Michu waited a long time for his Spain debut, but he failed to live up to the hype on a frustrating night for the Swansea striker.
It was a long time coming, and in the end, it was not much to write home about.
Having excelled in his final season at Rayo Vallecano and improved even further since his switch to Swansea City, Michu was finally handed a start for the Spanish national side in their World Cup qualifier against Belarus.
He was there because David Villa was not, the Atletico Madrid forward ruled out by injury. But rather than prove what Vicente del Bosque’s side had been missing out on, he had something of a ‘mare.
His only contributions of note were to miscontrol the ball when a chance loomed, and to fail to put enough power into a header before he was ultimately substituted after just 57 minutes.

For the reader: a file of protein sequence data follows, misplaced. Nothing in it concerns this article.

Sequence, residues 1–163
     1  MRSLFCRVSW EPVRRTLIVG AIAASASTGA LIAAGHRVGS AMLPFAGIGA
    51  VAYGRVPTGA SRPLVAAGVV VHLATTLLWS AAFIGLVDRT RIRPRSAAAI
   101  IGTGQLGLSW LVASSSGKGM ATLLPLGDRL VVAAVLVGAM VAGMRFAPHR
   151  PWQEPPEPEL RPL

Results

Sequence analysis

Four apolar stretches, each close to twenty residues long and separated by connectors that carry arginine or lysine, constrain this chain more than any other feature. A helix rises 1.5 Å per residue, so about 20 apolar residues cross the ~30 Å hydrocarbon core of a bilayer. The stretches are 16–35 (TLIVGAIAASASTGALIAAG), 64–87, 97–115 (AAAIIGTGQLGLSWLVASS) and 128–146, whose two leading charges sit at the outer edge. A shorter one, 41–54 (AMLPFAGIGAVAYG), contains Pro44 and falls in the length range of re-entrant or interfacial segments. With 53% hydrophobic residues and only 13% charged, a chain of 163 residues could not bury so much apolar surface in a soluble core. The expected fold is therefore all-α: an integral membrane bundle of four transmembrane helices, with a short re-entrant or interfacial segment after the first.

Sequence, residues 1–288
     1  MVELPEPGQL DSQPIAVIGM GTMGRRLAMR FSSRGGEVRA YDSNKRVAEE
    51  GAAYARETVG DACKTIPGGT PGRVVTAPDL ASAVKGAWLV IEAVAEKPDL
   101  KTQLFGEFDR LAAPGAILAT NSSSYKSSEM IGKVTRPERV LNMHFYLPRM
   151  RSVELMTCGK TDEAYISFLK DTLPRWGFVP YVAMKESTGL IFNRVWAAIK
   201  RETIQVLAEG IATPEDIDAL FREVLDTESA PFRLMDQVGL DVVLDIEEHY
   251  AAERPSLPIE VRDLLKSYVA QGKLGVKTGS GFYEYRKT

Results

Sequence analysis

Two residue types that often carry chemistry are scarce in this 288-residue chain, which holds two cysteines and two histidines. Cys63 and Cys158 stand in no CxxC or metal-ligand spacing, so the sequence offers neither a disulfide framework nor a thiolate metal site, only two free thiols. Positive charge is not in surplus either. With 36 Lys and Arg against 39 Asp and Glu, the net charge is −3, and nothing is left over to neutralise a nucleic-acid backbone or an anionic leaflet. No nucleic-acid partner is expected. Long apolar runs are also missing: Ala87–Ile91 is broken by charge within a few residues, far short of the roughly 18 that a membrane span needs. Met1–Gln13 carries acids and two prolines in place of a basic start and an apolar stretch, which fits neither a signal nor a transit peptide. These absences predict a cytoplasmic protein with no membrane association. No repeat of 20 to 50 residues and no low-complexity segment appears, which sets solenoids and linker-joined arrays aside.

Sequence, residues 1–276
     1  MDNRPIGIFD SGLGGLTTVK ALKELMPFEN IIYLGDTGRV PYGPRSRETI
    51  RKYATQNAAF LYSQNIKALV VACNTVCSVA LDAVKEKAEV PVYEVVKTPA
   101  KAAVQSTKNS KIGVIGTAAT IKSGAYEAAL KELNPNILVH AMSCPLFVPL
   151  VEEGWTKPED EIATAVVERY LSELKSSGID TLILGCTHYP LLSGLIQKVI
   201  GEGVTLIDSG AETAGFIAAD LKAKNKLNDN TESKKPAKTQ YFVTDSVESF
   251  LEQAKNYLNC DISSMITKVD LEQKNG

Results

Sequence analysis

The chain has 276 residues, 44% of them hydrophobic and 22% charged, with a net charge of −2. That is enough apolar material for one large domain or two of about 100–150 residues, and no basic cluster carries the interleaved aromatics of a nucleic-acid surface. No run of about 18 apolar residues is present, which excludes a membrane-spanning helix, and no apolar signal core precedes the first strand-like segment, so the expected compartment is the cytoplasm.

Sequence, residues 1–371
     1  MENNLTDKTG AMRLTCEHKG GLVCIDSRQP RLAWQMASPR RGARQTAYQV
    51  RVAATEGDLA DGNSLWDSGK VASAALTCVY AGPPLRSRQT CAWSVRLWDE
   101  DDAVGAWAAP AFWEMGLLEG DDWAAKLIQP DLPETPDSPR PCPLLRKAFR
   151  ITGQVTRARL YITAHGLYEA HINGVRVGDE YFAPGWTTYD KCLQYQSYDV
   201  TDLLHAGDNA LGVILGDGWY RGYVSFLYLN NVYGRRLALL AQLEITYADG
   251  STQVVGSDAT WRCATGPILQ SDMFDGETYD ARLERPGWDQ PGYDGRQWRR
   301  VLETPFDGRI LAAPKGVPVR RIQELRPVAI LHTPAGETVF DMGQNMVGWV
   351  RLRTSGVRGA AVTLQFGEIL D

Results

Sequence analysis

His cause for another start against Georgia next week was not helped by the fact that Spain scored just four minutes after he left the field, and that his replacement, Alvaro Negredo, added a second with 12 minutes to play.
That second proved vital, as a late Belarus strike saw the game finish 2-1. And after the match, the Spanish press were less than glowing in their analysis of Michu’s performance.
El Confidencial said Michu had, “starred in one of the most striking recent Spanish football progressions,” so all good so far…but then they added, “but the current Swansea striker is not a born number nine. Thus he was on the field for 56 minutes and hardly touched the ball with clarity.”
Mundo Deportivo did not focus on the Swansea man, claiming that until the first goal, only one Spaniard deserved praise.
“Only Pedro brought some flashes,” they wrote, as the Spaniards tried and for so long failed to break down their resilient opponents.
But just as Negredo bided his time on the bench at Manchester City and proved to be the goal-scoring solution, so he was again on Friday. And as long as Michu waited for his first match for his country, he could be waiting just as long for his second…
image: © Benjamin Blackler